27th November 2022

COP27: Where do we go from here?

After another weak COP summit, how can our leaders do more to ensure that we prevent disaster?
COP27: Where do we go from here?
Photo: Rory Arnold @ Flickr

After the events of another COP climate summit, this year in Egypt, a number of questions must be raised as to how truly effective this conference is at solving the problems posed by climate change. Whilst it is a key forum for proposing collective action and enabling developing nations to voice concerns, the lack of state action regarding previous agreements suggests this may be a renegotiation of our demise rather than a true search for solutions. In the face of the climate crisis, states must revolutionise how they think and behave. A more powerful international process is likely required to achieve this.

The current geological period is defined by many as the Anthropocene, in which human actions like carbon emissions and deforestation defines the conditions of the earth. As rates of species extinction are between a hundred and a thousand times regular levels and the proximity to a mass extinction event is growing, traditional forms of political thought are becoming impossible. Counteracting the Anthropocene calls for the radical overhaul of societal values, economic systems, and governmental approaches. When directly aiming to counter the climate impacts of the Anthropocene, COP must take these approaches on board.

Yet even in this context, state leaders continue to pursue self-interest at all levels of policymaking. We only have to look to Russia’s undermining of grain exports and weaponization of energy production during an expansionist war, or the fallout of Brexit culminating in ever-increasingly hostile approaches, namely Braverman’s dubbing of immigration as an “invasion”. Day-to-day international affairs continually damage cooperation, with even supranational organisations like the UN failing to prevent irrationality. If the climate crisis requires such drastic measures of cooperation, organisations at an international level need to be stronger in order to improve attitudes.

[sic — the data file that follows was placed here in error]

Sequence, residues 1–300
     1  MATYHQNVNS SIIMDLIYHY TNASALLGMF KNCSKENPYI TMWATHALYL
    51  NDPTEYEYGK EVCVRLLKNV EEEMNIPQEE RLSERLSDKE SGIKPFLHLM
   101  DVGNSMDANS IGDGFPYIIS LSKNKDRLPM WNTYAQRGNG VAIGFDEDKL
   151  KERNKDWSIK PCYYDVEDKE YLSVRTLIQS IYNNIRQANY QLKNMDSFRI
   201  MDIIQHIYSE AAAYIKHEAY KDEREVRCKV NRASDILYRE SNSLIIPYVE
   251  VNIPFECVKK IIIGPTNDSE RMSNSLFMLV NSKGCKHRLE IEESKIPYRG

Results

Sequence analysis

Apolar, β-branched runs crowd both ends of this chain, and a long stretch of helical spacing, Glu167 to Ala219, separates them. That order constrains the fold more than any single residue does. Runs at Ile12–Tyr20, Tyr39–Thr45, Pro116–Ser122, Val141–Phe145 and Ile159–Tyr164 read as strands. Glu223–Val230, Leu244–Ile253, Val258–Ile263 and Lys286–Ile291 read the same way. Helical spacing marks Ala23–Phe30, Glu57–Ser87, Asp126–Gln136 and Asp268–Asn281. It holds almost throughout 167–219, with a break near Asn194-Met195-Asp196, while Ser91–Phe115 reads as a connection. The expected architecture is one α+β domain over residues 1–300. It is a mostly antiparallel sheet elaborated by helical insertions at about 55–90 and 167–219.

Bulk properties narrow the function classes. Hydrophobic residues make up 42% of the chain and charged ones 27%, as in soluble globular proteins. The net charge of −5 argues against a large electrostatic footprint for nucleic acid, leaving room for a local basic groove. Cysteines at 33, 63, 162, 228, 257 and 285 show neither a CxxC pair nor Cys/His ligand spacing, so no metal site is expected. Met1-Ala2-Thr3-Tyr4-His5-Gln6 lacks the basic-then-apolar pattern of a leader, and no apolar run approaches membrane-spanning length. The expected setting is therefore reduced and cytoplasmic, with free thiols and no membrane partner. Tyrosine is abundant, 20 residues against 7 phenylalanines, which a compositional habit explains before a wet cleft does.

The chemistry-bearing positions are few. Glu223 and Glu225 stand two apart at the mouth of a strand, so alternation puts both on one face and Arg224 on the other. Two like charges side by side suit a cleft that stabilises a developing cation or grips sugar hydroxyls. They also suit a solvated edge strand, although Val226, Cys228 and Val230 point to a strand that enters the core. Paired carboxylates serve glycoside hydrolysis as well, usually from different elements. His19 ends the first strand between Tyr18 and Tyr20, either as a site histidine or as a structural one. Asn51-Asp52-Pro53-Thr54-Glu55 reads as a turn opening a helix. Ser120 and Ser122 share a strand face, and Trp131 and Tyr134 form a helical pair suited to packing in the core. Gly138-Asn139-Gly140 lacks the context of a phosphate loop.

To look at COP in itself, there remains a failure to be as powerful as is required to incite change. The 2015 Paris agreement was supposed to be a landmark step towards combatting climate change, with commitments to lessening temperatures to below 2°C, avoiding the worst tipping points of a climate catastrophe. However, Trump’s withdrawal of the US from this agreement proves that its impact may be futile, as malleable implementation fails to enforce collective action. Despite Biden having re-joined this agreement, the ability of states to pass in and out so easily is dangerously weak.

The formation of agreements in itself is often an impossibility, with a fear of utter failure continuing right up to the final days of negotiations at almost every conference. Even the UK, who hosted COP26 last year, have failed to realise their rhetoric: plans for the West Cumbrian coal mine remain in existence, and blatant hostility towards climate change measures was a hallmark of the Truss Government. Without taking a stronger, more homogenous approach to this multitude of crises, COP will fail to achieve even a fraction of its intent.